Best refrigerator for the money - Amana refrigerator counter depth.
Best Refrigerator For The Money
- white goods in which food can be stored at low temperatures
- A refrigerator is a cooling apparatus. The common household appliance (often called a "fridge" for short) comprises a thermally insulated compartment and a heat pump—chemical or mechanical means—to transfer heat from it to the external environment (i.e.
- An appliance or compartment that is artificially kept cool and used to store food and drink. Modern refrigerators generally make use of the cooling effect produced when a volatile liquid is forced to evaporate in a sealed system in which it can be condensed back to liquid outside the refrigerator
- Refrigerator was an Appendix Quarter horse racehorse who won the Champions of Champions race three times. He was a 1988 bay gelding sired by Rare Jet and out of Native Parr. Rare Jet was a grandson of Easy Jet and also a double descendant of both Depth Charge (TB) and Three Bars (TB).
- wealth reckoned in terms of money; "all his money is in real estate"
- the official currency issued by a government or national bank; "he changed his money into francs"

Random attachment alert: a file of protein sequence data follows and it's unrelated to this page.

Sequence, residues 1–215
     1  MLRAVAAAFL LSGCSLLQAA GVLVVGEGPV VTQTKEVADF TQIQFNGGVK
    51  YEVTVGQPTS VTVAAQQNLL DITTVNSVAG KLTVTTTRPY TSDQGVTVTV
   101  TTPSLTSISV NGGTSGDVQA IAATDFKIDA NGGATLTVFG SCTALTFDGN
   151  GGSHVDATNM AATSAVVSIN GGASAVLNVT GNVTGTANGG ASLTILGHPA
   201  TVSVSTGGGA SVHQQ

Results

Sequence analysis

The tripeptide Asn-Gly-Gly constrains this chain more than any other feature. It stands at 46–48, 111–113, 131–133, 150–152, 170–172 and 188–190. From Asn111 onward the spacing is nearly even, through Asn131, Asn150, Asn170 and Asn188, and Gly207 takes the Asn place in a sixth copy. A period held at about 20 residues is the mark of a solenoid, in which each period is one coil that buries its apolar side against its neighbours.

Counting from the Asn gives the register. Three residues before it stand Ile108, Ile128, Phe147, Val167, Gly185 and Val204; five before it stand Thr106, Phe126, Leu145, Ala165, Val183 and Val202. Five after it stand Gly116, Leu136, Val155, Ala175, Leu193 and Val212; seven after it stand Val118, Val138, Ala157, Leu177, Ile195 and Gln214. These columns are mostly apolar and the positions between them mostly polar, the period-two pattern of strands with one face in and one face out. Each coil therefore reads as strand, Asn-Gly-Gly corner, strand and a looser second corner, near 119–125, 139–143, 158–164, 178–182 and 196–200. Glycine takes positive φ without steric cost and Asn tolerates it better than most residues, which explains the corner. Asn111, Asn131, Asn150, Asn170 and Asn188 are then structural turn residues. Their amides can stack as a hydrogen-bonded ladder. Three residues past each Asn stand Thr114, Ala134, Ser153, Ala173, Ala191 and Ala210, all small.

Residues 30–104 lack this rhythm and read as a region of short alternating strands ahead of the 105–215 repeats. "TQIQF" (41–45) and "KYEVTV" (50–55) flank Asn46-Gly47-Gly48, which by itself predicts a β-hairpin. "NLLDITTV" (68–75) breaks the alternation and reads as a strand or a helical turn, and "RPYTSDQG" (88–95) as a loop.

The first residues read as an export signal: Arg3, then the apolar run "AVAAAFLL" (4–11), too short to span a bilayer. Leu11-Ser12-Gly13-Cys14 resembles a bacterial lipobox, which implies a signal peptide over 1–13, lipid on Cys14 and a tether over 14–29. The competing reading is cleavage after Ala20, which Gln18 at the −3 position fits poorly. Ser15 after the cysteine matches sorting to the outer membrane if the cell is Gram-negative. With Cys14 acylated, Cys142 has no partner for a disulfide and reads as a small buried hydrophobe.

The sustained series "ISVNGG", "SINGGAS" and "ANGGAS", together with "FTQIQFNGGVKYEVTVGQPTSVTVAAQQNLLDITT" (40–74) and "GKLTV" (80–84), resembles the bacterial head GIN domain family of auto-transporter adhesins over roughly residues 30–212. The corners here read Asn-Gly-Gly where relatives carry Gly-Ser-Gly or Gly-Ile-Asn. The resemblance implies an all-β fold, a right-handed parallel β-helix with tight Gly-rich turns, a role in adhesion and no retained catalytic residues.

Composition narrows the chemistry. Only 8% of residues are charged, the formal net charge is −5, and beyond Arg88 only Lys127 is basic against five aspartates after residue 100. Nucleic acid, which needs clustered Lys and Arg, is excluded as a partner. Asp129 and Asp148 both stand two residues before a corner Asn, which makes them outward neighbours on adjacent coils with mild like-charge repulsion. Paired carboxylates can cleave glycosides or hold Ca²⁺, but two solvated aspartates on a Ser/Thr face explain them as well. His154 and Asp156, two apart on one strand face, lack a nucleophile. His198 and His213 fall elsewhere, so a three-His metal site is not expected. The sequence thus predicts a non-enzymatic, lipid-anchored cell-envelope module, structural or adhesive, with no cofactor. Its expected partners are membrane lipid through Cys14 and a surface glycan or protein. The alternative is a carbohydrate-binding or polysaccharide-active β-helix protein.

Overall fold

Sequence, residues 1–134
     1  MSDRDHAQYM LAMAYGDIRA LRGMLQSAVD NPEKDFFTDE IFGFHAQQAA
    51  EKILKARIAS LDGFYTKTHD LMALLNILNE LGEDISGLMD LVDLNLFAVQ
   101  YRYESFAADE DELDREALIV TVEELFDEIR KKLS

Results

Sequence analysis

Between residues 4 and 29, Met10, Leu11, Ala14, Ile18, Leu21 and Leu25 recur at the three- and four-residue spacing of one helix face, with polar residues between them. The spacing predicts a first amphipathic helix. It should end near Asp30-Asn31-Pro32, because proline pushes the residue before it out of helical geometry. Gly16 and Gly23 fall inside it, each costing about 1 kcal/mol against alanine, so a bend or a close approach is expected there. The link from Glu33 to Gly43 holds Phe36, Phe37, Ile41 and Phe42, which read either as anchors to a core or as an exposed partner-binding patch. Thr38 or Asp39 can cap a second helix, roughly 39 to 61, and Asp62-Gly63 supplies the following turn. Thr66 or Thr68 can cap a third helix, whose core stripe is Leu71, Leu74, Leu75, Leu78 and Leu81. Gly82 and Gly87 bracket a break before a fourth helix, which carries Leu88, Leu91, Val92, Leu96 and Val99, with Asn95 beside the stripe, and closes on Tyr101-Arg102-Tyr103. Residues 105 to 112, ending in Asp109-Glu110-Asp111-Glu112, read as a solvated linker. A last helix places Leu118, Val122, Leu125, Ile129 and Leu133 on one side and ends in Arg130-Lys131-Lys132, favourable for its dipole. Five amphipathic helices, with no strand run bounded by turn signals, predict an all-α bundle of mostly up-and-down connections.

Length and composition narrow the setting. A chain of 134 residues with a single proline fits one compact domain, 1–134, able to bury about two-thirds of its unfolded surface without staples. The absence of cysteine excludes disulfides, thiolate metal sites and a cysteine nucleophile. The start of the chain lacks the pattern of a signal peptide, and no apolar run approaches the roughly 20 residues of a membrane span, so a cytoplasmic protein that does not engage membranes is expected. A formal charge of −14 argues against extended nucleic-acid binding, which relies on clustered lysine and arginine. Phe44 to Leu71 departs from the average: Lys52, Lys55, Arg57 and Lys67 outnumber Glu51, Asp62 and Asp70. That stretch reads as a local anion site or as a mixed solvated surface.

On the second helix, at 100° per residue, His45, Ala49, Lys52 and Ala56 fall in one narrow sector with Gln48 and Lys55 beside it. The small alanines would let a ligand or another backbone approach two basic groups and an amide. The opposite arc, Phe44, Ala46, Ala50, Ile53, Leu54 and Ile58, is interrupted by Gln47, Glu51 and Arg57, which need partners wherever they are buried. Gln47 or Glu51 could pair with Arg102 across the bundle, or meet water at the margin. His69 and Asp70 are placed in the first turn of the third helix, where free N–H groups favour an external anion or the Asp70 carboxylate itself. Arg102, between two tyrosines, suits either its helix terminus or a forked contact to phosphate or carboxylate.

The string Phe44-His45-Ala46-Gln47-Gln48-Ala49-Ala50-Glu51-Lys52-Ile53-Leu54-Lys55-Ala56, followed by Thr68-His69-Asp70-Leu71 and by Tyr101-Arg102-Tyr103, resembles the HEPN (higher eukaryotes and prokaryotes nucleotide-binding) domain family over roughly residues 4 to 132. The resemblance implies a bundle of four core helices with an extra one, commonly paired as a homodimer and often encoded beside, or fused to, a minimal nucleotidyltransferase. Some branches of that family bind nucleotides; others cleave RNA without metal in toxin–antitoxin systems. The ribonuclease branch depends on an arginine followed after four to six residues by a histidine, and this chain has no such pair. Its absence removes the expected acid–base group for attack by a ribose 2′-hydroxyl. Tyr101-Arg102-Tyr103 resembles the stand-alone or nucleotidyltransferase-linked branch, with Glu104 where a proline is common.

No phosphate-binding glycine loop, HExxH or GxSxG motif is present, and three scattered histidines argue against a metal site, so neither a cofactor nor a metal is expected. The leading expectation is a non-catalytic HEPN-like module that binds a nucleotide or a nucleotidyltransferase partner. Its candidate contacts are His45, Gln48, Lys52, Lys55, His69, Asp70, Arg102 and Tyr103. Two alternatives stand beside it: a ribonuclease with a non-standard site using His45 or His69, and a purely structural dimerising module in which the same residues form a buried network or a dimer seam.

- A current medium of exchange in the form of coins and banknotes; coins and banknotes collectively
- Sums of money
- The assets, property, and resources owned by someone or something; wealth
- the most common medium of exchange; functions as legal tender; "we tried to collect the money he owed us"
best refrigerator for the money - Super Strong
Super Strong Rare Earth Magnets Have Unbelievable Holding Power (Pkg. of 100)
These rare-earth, iron boron magnets are the most powerful available today. They are perfect for applications where more holding power is required. Because of their compact size and attractive chrome-type finish they can be used in crafts, to hold signs in place, to display window art, as a tool holder in the workshop and many other applications. For example, you could glue one to a window ornament such as a suncatcher, then hold it in place by placing another magnet behind it on the outside of the window. The magnetism is strong enough to easily hold your decoration through the glass. These N35 grade magnets measure 1/2" in diameter and only 1/16" thick, small enough to be used in almost any application, but will amaze you with their pulling power of approximately 2-3/4 lbs. A word of caution: These magnets are not toys and should never be given to children. Adults, too, should use them with caution. Several together can increase the magnetism and can pinch fingers, etc. Do not put them near any electronic devices such as computers and never allow anyone with a pacemaker to use them. If you need to separate one from another slide them apart rather than pull them. With reasonable care you will find these wonderful magnets offer a myriad of uses in the studio, workshop, home or office. This offer is for a package of 100 of these rare-earth magnets.